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Posted on August 20, 2016, in New Zealand Politics and tagged , , , , . Bookmark the permalink. 2 Comments.

  1. Couple notes:
    1) We don’t dispute that there are some positive external benefits from a more educated population. But the broader public is currently paying 82% of the cost of each student’s degree once the subsidy from zero percent loans is factored in. In the mid 90s, the Ministerial Forum report on tertiary ed recommended two options, one that would increase the private share of tertiary costs from 20% to 25%; the other suggested raising it more than that.
    2) The constraints imposed by zero percent make for real difficulties for some students’ financing of their education;
    3) We hear a lot of horror stories about kids taking out tens of thousands of dollars in debt and winding up unemployed. That isn’t an argument for zero percent loans. That’s an argument for much better career guidance in the high schools and for much better tertiary preparation.
    4) Whether the loan is with or without interest, the only thing that changes on the repayment side is how long the repayments go on for. A student leaving tertiary with a bachelor’s and with the median loan balance (about $16,700, half will have more debt, half less) would take only a few extra months to pay if off were interest charged. At an interest rate of 7%, it would take about an extra year. I’m not saying that that’s what the interest rate should be, I’m rather trying to give an anchor point for thinking about the effects of interest. Lower interest rates would mean there would be fewer added months.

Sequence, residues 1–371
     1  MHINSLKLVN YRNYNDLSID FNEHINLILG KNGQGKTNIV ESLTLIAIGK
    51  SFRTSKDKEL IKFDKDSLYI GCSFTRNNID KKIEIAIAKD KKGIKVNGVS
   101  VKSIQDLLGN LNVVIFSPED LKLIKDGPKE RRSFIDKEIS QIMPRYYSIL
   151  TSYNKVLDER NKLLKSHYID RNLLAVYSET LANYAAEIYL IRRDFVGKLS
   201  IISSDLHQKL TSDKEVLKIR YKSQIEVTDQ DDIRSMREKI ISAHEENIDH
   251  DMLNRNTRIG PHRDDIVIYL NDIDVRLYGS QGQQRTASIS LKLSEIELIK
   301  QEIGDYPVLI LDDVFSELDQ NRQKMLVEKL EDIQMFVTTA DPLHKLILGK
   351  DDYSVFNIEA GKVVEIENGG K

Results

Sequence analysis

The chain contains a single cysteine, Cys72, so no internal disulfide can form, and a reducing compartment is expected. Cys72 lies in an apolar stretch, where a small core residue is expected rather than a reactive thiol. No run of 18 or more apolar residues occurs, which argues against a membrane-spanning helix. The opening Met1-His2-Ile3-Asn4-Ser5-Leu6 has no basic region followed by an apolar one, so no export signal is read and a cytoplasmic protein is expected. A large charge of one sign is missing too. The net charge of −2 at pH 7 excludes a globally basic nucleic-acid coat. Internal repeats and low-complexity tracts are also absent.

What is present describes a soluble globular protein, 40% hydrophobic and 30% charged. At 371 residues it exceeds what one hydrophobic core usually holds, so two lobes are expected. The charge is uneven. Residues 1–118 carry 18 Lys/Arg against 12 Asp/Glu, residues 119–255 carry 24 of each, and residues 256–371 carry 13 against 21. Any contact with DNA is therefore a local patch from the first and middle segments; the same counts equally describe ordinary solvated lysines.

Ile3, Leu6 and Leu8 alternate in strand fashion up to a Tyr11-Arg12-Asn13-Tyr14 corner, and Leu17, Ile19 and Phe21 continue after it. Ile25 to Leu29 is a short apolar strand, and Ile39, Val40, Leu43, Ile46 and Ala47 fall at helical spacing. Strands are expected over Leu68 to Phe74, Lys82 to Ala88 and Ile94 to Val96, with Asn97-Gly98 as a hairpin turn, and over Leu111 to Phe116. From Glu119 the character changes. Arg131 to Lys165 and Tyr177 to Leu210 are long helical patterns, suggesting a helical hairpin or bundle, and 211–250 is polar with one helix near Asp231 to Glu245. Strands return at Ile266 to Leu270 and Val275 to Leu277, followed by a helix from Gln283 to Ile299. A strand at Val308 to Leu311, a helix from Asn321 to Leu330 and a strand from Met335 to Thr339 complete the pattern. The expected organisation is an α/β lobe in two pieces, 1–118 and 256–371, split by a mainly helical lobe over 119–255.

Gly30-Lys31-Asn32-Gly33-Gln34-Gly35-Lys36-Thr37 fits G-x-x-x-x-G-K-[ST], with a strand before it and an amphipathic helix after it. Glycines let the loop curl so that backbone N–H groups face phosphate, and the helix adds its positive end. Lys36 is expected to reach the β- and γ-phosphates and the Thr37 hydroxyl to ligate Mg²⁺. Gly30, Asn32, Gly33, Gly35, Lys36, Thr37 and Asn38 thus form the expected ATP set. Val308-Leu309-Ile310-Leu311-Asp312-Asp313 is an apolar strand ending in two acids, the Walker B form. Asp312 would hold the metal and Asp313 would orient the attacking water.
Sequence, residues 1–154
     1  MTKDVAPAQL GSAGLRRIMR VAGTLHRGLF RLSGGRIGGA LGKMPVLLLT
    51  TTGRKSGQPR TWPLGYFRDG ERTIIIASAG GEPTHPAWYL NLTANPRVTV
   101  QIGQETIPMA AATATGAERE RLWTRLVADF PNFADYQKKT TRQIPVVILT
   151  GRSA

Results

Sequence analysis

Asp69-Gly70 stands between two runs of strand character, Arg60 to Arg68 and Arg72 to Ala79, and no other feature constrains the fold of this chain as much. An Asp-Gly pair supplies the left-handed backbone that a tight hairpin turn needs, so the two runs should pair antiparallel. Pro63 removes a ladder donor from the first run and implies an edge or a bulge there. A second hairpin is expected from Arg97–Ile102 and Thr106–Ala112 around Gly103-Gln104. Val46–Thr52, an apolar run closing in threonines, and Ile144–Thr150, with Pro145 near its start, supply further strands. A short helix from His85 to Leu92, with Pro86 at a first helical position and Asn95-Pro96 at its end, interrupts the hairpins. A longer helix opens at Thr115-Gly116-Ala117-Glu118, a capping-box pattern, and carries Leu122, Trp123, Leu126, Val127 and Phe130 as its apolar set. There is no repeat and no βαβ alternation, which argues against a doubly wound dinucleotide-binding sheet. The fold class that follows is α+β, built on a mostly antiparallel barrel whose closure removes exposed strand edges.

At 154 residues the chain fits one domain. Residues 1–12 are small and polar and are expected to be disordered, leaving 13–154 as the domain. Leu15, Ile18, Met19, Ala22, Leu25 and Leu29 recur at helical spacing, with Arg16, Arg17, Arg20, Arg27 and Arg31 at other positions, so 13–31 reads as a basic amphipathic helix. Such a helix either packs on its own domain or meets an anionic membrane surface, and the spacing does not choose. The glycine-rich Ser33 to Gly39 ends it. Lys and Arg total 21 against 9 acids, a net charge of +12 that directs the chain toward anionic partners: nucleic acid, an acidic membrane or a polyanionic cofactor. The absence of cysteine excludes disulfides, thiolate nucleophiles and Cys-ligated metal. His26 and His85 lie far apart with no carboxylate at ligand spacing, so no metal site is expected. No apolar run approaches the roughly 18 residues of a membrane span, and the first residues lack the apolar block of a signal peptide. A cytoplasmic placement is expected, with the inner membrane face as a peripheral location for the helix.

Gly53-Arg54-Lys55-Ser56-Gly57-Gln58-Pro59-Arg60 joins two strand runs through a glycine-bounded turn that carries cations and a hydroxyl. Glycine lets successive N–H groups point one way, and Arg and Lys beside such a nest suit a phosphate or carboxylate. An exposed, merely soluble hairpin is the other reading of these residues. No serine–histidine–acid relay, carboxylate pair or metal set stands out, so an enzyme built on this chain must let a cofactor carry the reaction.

Check my piece on some of this here. http://www.interest.co.nz/opinion/83183/nz-initiatives-khyaati-acharya-eric-crampton-argue-better-tertiary-preparation

    • Thanks for your comment, Eric.

      I stand by the fact that all of this is working on the basic assumption that the student loan scheme should be a revenue stream for the Crown. If that isn’t the case, as I strongly believe it is not, then the cost of zero interest loans is zero, because the Crown isn’t foregoing anything by not charging interest. While there is obviously costs to running the student loan scheme, those should be covered by either StudyLink’s establishment fee of $60 per year a loan is taken out or IRD’s administration fee of $40 per year. If that’s not that case, then maybe those fees should be increased slightly.

      Yes, it is certainly true that people leave tertiary education without employment. And you’re certainly correct in saying that there needs to be better career guidance. However, that doesn’t change the fact that potentially having thousands of dollars added to your student loan every year while you’re unemployed, particularly if that unemployment is at least partially due to a system failing the student, is intrinsically unfair. Could a system where you don’t get charged interest if you’re not in employment work? Maybe, but that would add unnecessary complications.

      Something I only thought of after writing this as well, is how do you propose interest be dealt with for students who current have loans and would also continue to study after the introduction of interest. You say those with current loans shouldn’t have interest added, because they’ve agreed to being interest free, yet those same people will be signing new contracts every year until they continue studying. Would you propose charging interest on the new loans but not the old ones? What about repayments? Would they be applied to newer loans first, therefore reducing the amount having interest charged, or would it be older loans first, therefore you’re not only having interest charged, but you can’t pay it off? Adding interest is not only unnecessary, it also adds unnecessary confusion.